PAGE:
Since Congress mandated the low-flow toilet in 1992, Americans haven't exactly felt flush with confidence about their plumbing.
These days, the double flush -- or the "courtesy flush," as Jerry Seinfeld put it -- has become commonplace.
While many blame the requirement that toilets be limited to 1.6 gallons of water, it may not be so much a question of how much water they contain as how well they're designed.
The fact is low-flow toilets have saved huge amounts of water. The Environmental Protection Agency says, as do other studies, that the average family of four now uses 20,000 fewer gallons a year. That's enough to fill a small, backyard pool.
It's just that some toilets do it better than others.
At the National Association of Home Builders Research Center in Maryland, experts test a variety of materials and equipment, including insulation, water heaters, and -- you got it -- toilets, to see which ones to the job best.
CNN's Bruce Burkhardt looks at the new methods the National Association of Home Builders have come up with to test toilet flushing. (May 3)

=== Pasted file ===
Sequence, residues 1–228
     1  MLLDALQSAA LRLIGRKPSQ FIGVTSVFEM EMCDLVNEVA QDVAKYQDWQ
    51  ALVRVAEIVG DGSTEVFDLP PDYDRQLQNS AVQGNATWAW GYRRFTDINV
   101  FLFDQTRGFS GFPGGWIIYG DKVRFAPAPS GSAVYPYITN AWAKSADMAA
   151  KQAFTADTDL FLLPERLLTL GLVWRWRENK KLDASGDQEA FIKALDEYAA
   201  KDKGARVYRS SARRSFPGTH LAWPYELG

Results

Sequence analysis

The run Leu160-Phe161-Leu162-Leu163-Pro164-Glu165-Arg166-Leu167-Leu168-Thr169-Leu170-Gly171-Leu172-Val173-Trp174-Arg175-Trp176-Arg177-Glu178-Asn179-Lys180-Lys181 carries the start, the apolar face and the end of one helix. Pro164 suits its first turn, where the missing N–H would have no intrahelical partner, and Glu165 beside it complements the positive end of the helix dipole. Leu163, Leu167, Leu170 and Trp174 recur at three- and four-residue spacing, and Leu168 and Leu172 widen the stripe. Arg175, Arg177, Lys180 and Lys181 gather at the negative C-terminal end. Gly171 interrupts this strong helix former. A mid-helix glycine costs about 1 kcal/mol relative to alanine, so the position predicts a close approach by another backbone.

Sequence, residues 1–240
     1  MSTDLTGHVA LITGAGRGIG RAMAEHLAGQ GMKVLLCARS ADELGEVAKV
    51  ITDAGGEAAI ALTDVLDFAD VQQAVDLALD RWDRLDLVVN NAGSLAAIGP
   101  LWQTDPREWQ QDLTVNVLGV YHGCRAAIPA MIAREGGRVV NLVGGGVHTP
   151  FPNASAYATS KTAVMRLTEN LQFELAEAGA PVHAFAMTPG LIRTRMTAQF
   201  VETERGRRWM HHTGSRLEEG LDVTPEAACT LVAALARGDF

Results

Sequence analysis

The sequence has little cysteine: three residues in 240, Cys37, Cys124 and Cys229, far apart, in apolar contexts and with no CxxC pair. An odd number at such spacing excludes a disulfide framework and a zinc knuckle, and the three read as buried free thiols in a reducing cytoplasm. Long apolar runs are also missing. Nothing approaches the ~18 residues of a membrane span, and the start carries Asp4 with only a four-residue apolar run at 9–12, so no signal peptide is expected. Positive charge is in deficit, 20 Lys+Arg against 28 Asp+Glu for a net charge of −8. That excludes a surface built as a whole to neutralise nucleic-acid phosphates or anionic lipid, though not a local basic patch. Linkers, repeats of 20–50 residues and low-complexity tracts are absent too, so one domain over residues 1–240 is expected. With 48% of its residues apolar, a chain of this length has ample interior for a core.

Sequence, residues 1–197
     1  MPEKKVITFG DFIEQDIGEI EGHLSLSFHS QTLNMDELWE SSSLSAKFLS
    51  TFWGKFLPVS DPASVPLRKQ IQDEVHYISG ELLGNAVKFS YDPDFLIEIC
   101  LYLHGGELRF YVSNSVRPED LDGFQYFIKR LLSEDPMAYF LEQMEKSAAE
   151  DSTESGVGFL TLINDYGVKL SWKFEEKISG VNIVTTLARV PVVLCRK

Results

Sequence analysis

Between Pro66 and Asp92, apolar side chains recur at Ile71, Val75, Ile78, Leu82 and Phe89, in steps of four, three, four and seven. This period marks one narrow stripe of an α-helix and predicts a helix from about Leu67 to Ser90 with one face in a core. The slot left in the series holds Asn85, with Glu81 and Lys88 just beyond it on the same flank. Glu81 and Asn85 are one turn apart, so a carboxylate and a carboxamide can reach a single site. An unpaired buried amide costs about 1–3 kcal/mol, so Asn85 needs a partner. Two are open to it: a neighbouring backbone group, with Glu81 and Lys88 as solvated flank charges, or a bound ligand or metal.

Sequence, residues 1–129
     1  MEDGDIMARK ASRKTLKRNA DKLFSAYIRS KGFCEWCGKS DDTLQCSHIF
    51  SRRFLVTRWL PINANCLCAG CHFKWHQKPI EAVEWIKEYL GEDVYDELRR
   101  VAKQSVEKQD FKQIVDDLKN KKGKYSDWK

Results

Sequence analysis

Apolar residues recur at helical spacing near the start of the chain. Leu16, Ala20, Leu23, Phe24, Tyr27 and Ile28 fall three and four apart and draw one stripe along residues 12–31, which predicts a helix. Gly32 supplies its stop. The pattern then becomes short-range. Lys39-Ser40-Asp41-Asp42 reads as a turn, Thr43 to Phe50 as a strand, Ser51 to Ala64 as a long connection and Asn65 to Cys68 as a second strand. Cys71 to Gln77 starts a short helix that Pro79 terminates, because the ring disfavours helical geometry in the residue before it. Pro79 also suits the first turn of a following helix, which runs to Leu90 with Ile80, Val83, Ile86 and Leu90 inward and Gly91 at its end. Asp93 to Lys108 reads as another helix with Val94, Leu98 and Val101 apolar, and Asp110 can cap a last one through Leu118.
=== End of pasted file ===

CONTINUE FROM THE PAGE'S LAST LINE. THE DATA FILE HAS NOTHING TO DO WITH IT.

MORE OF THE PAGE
Bob Hill heads up the lab where a new testing method has been developed -- it seems the old industry standard, flushing 100 small plastic balls, was just too easy.
Now they use a collection of small sponges, some of them weighted with nails so they will sink.
"Basically we flush a number of sponges and paper wads down the toilet," Hill said. "We do five different challenge levels."
Each toilet is flushed repeatedly, and researchers count up what went through and what stayed behind. The numbers then are crunched in a computer to come up with the "clog potential index."
Kohler, a company with a well-known name in bathroom products, is marketing one solution to improve toilet efficiency.
"We're trying to encourage consumers to bring electricity into the bathroom," said David Kohler of the Wisconsin-based Kohler Co.
He's not talking about electrically heated seats -- but electrically powered flushing.